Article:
'I feel useless': Neath man waits six years for 'urgent' hip replacement
A man has spoken of his frustration and said he feels "totally useless" after waiting six years for a hip replacement.
Paul Smith, from Neath, was referred for surgery in December 2016 - and he is still waiting.
He told ITV News he feels, "Total frustration. I feel totally useless on occasions”.
Humour is a big part of how he copes, adding “if you’re laughing you can’t be crying”.
Paul said he often receives letters from Swansea Bay University Health Board. It is part of their efforts to review the orthopaedic surgery waiting list, and includes a survey asking patients about their condition, and whether they still want surgery.
There are various options to pick, with Paul saying that the surgery is “still wanted urgently”.
He says it is very frustrating to receive this sort of letter: “If I needed it three years ago, you can imagine what it feels like now”.
Paul contacted ITV News after seeing a previous report on Andrew Oliver, a farmer from Gower who could be waiting six years for a hip replacement.
Latest figures from NHS show that there were an estimated 577,400 individual patients on treatment waiting lists across Wales in November 2022.
Despite a 27% reduction from the peak of planned care in August last year, the recovery plan target has not been met.
More than 45,000 pathways, which could include the same patient on multiple waiting lists, were waiting for more than two years for their surgeries.
In 2019, Paul came aclose to having surgery, but on the day of the appointment the consultant looked at the x-rays and found his other hip was in a worse condition.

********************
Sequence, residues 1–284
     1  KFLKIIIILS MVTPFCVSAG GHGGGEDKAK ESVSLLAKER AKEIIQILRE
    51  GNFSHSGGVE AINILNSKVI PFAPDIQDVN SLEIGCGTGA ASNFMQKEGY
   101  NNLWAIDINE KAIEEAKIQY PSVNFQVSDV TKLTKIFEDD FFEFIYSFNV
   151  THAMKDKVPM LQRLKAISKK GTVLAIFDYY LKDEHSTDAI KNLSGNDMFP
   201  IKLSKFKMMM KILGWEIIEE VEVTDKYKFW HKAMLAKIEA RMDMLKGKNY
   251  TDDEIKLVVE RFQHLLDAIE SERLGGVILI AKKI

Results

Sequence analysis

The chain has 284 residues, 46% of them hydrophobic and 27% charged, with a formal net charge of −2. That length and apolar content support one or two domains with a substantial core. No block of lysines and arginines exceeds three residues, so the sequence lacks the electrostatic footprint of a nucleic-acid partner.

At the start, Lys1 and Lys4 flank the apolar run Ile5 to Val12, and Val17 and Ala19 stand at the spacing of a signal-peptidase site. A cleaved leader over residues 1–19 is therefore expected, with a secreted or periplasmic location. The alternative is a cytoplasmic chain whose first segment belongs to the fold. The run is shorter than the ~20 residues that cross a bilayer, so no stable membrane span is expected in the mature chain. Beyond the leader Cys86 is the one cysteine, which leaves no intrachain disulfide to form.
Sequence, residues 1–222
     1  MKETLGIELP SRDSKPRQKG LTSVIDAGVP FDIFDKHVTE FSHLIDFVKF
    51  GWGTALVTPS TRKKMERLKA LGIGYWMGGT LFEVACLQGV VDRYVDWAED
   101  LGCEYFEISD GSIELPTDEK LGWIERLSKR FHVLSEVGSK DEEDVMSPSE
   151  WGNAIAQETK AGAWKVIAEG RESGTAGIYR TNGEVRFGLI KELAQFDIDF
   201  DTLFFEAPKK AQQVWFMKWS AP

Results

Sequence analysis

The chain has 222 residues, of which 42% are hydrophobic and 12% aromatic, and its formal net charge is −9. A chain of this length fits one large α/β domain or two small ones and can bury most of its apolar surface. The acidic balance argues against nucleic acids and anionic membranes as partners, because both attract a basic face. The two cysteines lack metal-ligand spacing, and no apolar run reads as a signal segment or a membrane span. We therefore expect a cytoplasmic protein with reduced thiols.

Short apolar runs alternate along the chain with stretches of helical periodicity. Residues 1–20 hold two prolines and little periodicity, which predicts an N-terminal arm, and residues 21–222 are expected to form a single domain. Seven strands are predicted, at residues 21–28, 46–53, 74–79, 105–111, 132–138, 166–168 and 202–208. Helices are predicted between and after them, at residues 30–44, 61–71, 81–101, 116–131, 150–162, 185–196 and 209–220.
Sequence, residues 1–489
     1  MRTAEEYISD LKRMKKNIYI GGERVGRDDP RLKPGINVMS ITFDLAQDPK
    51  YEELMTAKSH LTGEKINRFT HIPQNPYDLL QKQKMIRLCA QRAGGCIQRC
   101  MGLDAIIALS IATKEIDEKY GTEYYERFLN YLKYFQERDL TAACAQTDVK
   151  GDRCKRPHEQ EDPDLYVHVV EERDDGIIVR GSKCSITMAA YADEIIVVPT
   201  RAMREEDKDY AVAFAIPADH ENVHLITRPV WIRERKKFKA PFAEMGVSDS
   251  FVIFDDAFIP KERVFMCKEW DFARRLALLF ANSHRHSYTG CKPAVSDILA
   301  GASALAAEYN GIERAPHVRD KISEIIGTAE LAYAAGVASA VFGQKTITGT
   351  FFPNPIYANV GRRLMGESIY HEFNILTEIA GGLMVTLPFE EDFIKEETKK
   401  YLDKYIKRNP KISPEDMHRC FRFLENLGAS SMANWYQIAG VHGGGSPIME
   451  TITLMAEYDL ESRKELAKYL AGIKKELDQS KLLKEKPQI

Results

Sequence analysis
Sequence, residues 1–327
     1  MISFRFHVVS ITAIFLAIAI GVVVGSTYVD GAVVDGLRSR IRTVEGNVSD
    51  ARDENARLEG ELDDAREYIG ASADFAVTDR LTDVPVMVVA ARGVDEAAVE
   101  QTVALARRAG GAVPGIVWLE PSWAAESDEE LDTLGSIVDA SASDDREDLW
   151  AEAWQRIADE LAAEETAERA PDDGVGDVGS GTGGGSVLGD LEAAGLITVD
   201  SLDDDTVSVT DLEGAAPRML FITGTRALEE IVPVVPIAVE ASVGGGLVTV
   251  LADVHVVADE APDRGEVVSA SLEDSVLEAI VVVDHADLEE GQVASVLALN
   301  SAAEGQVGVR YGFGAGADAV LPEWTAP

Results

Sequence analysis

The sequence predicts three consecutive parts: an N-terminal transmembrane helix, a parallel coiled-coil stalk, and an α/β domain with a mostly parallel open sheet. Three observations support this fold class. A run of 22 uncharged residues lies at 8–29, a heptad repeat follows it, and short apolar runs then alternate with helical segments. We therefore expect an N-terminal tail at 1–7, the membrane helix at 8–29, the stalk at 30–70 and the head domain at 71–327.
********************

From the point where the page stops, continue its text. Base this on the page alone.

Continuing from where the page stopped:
Paul said everyone agreed they should treat that hip, for which he is "grateful", and that he could return to have his original hip sorted as soon as he recovered.
Then the pandemic hit. And now he is still waiting for that original hip replacement, six years and two months later.
Swansea Bay University Health Board said it is very sorry to hear of Mr Smith’s concerns and recognise that waiting times for orthopaedic surgery are “far longer than anyone wants”.
As part of plans to address the backlog, three new theatres for orthopaedic and spinal surgery will be opened at Neath Port Talbot Hospital in June, whilst ten beds in Morriston have now been put aside for some of the longest waiting patients.
The “ultimate aim” is that by April 2024 no one will wait more than two years for treatment - Paul very much hopes he will be seen before then.
Responding to the latest waiting times figures, a Welsh Government spokesperson explained: "In April last year we set a target to eliminate the number of patient pathways waiting for longer than a year for their first outpatient appointment by the end of 2022. We knew that this would be challenging, but we wanted to see a real focussed effort on this by health boards.
"We are disappointed that this ambitious target, which was not set in England, has not been met. We will continue to press health boards to focus on the longest waiters, once the urgent cases have been dealt with."